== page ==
The art of the jack-o-lantern

Tue, 10/29/2013

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Charles Linn
School of Architecture, Design & Planning
785-864-4336

LAWRENCE – It isn’t so unusual to see “knife-wielding zombies” in Marvin Hall. Usually they’re just sleep-deprived architecture and design students intent on finishing their projects before deadline.

However, Oct. 30, something more fiendish may be afoot, when the American Institute of Architecture Students hosts its annual pumpkin-carving contest.

Halloween pumpkin carving has been a traditional activity for KU architecture and design students dating back decades. That’s because the day before All Hallows Eve, it is only natural for ghouls to grasp their blades and go looking for trouble.

Sounds dreadful, but event organizer and AIAS president Austin Griffis opines that KU’s architecture and design students are inclined to slash gently, in a kind and creative way that he promises will not involve chainsaws of any kind, or the Department of Architecture’s precision laser cutter.

“The pumpkins will delight and dazzle spectators, and the work will be judged on the same criteria that is used for diamonds: cut, color and clarity,” said Griffis.

All are welcome to attend the event at 6 p.m. Oct. 30 in 216 Marvin Hall. AIAS members will have the first crack at the orange orbs, donated by Hy-Vee, but others are welcome to bring their own. The event will also serve as a kickoff for the AIAS’s annual canned food drive.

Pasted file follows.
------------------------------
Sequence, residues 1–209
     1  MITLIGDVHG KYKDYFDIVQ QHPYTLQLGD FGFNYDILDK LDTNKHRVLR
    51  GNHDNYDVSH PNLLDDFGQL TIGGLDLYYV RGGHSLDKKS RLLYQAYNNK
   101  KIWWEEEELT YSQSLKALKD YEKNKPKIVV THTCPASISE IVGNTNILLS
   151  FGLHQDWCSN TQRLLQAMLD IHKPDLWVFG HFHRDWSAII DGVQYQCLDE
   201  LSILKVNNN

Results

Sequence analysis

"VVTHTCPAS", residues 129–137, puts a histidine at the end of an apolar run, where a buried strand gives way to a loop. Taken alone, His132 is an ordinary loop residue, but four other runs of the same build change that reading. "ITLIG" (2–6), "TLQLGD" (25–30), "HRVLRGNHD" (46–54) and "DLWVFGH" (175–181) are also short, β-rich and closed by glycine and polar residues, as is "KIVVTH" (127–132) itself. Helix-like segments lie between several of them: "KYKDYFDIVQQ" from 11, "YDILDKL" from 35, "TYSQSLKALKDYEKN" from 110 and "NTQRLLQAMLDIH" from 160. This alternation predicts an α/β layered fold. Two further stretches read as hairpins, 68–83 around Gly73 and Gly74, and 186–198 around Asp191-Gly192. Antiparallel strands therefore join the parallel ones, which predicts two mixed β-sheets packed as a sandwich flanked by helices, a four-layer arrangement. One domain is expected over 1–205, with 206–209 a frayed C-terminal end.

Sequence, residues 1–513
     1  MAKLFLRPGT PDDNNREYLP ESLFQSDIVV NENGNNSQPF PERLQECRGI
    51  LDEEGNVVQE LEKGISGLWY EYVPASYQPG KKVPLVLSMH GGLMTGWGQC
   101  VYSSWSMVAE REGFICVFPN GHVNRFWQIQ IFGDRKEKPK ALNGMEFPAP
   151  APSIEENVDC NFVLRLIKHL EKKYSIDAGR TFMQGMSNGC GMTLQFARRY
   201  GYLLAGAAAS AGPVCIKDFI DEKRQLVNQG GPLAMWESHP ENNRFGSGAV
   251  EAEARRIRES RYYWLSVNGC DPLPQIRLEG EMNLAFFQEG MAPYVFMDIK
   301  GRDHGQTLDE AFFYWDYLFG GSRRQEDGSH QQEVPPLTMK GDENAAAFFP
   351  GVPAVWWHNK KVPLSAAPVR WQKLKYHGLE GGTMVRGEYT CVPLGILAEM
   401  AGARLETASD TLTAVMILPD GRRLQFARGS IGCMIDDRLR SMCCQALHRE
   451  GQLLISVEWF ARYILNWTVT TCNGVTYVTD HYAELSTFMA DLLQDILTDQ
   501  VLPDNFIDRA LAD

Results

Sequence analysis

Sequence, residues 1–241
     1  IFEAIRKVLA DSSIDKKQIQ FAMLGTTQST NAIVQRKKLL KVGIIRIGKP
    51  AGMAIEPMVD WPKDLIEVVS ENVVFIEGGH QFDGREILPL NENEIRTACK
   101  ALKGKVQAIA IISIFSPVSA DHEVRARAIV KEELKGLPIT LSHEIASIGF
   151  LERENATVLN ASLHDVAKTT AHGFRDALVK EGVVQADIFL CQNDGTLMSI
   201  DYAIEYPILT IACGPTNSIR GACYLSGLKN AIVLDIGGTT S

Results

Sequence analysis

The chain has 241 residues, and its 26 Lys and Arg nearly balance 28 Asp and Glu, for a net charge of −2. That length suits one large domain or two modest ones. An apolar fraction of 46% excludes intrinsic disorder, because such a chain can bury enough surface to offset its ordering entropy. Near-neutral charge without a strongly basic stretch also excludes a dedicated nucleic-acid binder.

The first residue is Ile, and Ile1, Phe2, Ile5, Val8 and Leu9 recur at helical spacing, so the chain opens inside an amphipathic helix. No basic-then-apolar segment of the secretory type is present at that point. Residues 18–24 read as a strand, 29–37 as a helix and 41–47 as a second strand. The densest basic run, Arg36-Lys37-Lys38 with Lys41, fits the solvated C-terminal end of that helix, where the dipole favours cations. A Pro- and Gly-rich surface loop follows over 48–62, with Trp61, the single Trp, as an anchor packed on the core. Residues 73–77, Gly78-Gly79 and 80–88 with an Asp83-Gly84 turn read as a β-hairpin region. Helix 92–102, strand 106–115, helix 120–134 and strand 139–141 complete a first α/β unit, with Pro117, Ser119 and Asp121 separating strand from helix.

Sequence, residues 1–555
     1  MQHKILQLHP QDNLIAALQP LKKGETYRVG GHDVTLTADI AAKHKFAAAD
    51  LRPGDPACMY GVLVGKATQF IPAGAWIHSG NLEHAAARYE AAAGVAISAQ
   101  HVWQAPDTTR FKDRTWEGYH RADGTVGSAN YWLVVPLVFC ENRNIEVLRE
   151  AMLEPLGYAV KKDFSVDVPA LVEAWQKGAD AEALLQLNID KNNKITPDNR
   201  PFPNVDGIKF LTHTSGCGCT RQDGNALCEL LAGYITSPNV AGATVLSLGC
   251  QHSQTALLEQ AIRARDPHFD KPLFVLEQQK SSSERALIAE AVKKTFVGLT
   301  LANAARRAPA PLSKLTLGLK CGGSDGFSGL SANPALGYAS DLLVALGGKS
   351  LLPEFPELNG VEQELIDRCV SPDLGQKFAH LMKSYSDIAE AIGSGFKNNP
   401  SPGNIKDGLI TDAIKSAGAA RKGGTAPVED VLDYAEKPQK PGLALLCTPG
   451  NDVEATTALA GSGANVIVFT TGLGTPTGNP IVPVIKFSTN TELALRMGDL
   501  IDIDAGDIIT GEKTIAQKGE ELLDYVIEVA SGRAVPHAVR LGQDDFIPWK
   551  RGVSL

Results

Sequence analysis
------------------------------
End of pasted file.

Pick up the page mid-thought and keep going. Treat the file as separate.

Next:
Tomorrow, Daisy Hill will be buzzing with students moving into their new homes. Traffic will be congested near residence halls, and these areas should be avoided when possible. Moving to Daisy Hill? (Templin, Lewis, Hashinger, Ellsworth, McCollum) See your move-in instructions here: http://bit.ly/1kbd6Yy Moving to Oliver, Corbin, GSP or the scholarship halls? Here’s what you need to know: http://bit.ly/1lhIt4w

#KUresearch discovers new variety of primate. Learn more here: http://t.co/0JdguvXHjy http://t.co/OJt3WD7dgM
KU Orientation: Making a home on the Hill See why you made the right choice in becoming a Jayhawk as you go through KU’s Orientation process (http://firstyear.ku.edu/orientation). You’ll discover what it means to make KU your home: trying new things, building friendships, getting involved, seeking out career path advice from faculty, studying abroad, or even conducting your own research as a freshman or a graduate student.


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